“Existence is Identity, Consciousness is Identification.” – Ayn Rand


Priti Warrier’s story of self-discovery has given her a perspective that enables her to embrace the diversity Art Deco and Bharatnatyam have to offer as art forms. She exclaims “It is interesting to note that the 200 BC Classical dance form like Bharatnatyam which originated in the Indian subcontinent and the early 20th century Modern Art Deco Style of Architecture that originated in the West could reflect each other with so many parallels.”


Bharatnatyam is driven from Bha, Bhava means expression, Ra comes from Raga, which means melody and Ta comes from Tala, which means rhythm. Similarly, the design language prevalent in Art Deco also expresses illustration, harmony and rhythm. These unique art forms, dance and deco, resemble each other through their stances and geometrical patterns with the use of straight lines, triangles, circles and squares.

Figure 13: Bhava which means expression observed in Bharatnatyam dance form (Source: Gamaka (2007), choreographed and performed by Shantala Shivalingappa and photo by C. P. Satyajit) Figure 14: The theatre mask bas relief expressing comedy at Regal Theatre, an Art Deco Building (Source: Art Deco Mumbai)
Figure 15: Form and composition seen through hand gestures and the frozen fountain an Art Deco element at Court View building seen in figure 16 symbolises eternal life. (Source: Sridevi Nrithyalaya and Art Deco Mumbai)
Raga which means melody is observed in the sound of ghungroos and the highlighted form through different colours and patterns seen in Art Deco buildings. As Deco moved south from Oval Maidan towards Matunga the Deco style was strongly inspired by Indian translations and gained identity as Bombay Deco. The vibrancy in the red colour alta on the feet and the pattern of the ghungroos (Figure.17) is similar to the parapet railing pattern observed in Jitendra building in Matunga (Figure.18). (Source for figure.17: Language of the feet in Bharatnatyam a classical Indian dance by Ram Morrison, via Flickr and Source for figure 18: Art Deco Mumbai)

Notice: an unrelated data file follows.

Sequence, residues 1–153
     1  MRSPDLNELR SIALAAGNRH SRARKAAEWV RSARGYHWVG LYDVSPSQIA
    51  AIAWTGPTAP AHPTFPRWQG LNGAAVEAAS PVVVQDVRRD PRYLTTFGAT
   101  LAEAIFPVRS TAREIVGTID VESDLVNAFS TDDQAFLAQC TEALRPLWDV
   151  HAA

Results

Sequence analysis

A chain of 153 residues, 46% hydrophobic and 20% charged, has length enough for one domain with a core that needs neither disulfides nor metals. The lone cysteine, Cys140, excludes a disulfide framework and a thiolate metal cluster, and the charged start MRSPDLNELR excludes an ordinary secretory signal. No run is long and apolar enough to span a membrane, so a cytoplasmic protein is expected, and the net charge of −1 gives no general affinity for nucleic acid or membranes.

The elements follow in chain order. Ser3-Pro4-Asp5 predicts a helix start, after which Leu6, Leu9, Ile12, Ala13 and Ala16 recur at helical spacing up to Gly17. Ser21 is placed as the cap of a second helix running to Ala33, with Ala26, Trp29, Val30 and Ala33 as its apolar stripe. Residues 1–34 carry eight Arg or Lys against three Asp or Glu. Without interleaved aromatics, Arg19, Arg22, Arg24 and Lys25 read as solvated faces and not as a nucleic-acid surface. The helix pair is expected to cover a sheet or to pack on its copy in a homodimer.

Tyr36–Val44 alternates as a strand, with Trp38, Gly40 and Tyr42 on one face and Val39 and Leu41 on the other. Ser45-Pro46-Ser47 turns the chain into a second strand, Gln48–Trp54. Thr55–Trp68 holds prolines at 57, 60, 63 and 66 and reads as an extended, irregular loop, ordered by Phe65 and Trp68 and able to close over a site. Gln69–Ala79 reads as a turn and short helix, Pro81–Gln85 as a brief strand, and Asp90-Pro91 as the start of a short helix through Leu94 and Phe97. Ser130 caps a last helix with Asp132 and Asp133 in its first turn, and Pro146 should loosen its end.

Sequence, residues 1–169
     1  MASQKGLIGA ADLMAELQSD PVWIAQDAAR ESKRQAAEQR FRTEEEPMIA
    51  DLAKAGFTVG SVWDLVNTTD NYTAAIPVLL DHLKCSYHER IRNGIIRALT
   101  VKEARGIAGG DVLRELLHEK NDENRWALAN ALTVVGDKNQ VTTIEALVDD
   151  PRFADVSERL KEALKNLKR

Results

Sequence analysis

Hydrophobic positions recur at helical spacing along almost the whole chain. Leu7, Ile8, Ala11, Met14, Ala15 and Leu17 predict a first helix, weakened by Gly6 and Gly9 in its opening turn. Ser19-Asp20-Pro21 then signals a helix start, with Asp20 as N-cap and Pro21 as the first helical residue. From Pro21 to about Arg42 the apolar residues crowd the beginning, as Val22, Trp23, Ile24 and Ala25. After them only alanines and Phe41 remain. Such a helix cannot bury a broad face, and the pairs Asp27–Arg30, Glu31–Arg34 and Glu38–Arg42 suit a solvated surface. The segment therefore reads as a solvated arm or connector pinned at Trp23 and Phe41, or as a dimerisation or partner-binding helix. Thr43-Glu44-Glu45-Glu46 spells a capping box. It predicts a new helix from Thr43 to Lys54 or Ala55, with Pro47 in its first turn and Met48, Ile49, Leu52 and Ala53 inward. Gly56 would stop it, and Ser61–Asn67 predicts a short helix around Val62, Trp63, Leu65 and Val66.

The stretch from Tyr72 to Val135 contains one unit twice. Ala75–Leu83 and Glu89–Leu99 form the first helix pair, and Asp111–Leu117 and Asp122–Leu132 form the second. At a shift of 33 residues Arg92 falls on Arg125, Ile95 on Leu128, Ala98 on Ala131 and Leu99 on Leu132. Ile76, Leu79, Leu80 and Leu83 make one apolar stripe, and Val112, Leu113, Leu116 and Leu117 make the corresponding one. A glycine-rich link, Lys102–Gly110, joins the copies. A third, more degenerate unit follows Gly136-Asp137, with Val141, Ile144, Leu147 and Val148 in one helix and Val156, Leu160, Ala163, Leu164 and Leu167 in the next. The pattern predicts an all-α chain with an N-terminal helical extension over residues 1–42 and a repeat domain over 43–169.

Tala which means rhythm is observed in the repetition and combination of elements in a series of numbers which is also seen in the Art Deco style highlighting the form through the use of eyebrows (chajja) seen in Shiv Shanti Bhuvan building above. (Figure 19 Source: 100 dancers remember M. S. Subbulakshmi by Hitesh Harisinghani featured on and Figure 20 source: Art Deco Mumbai)

As we look at the stunning view from her corner office and ask Priti if she laments the loss of old buildings to newer high rises, she ponders the question while gazing out of the window, feeling nostalgic. She smiles and says “Most of the buildings that have been a part of my life are still out there, some hidden between hoardings and some partially overshadowed by tall buildings. But they are all still alive!”

Figure 21: View from Priti’s office located above the Eros theatre with the gentrified Churchgate station in the left window against the stunning heritage headquarters of Western Railway in the right window.

The two windows behind her desk, one eastward and the other facing the West, act as a stunning backdrop as she perceptively shows us the gentrified Churchgate station building set in one window against the stunning heritage headquarters of the Western Railway framed in the other window saying – “I have been aesthetically privileged.”


To surround herself with more history, art and beauty, Priti also chose to move into a gorgeous stand-alone Art Deco building in Cuffe Parade which she calls her home, a place that resonates with her sensibilities and whose aesthetic will always bring her joy!  



Vanessa Janice Lobo for Art Deco Mumbai.


Vanessa is a B. Arch from Rizvi College of Architecture (Mumbai University). She has penned  real life stories of people of Mumbai incorporated in the publication “People called Mumbai”. Vanessa has been on the College Council as Publication Head and worked on the college Magazine ’’Zeitgeist”. She strives to capture her experience and observations through writing and photography.


(i) Bombay: The Cities Within by Rahul Mehrotra and Sharada Dwivedi

(ii) Image of the City by Kevin Lynch

(iii)Natya Shastra